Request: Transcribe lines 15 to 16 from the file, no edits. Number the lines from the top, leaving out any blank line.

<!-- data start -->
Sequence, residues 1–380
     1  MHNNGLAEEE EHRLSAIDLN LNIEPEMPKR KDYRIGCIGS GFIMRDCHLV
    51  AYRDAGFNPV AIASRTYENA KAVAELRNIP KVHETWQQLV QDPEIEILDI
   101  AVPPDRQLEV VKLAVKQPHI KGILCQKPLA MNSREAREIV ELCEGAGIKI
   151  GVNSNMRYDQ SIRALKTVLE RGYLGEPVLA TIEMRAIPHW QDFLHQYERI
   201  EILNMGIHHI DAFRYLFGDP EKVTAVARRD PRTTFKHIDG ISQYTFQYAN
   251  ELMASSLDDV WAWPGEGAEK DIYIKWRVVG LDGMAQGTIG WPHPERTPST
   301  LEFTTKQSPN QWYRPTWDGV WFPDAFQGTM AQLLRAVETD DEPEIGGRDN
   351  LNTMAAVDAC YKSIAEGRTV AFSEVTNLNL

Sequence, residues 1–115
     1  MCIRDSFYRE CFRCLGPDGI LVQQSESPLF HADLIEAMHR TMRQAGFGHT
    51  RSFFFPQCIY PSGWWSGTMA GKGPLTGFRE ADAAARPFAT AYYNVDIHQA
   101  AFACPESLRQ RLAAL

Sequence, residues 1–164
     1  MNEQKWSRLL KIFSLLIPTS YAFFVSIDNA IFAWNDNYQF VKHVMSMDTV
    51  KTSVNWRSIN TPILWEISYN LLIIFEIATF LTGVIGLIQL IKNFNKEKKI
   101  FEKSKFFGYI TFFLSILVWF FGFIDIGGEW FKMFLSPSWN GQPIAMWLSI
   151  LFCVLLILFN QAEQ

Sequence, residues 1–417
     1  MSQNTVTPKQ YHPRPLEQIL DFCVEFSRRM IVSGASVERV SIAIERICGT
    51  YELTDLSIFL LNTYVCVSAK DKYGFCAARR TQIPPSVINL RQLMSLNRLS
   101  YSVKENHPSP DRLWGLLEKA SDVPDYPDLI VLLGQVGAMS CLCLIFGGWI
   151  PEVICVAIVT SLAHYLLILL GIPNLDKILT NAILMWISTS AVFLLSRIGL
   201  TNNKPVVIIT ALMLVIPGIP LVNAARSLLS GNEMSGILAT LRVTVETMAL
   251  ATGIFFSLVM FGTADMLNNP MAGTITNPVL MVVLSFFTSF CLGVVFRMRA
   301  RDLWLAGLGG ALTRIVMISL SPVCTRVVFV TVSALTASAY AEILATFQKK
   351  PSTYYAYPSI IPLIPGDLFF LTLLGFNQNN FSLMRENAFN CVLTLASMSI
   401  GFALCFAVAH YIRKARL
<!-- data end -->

     1  MNEQKWSRLL KIFSLLIPTS YAFFVSIDNA IFAWNDNYQF VKHVMSMDTV
    51  KTSVNWRSIN TPILWEISYN LLIIFEIATF LTGVIGLIQL IKNFNKEKKI